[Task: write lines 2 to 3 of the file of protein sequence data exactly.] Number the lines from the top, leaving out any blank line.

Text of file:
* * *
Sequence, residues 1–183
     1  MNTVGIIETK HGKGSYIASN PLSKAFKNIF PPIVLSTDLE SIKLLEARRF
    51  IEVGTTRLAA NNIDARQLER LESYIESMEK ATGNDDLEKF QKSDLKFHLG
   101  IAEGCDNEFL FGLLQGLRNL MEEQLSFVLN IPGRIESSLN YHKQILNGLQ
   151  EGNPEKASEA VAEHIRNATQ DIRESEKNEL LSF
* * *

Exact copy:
     1  MNTVGIIETK HGKGSYIASN PLSKAFKNIF PPIVLSTDLE SIKLLEARRF
    51  IEVGTTRLAA NNIDARQLER LESYIESMEK ATGNDDLEKF QKSDLKFHLG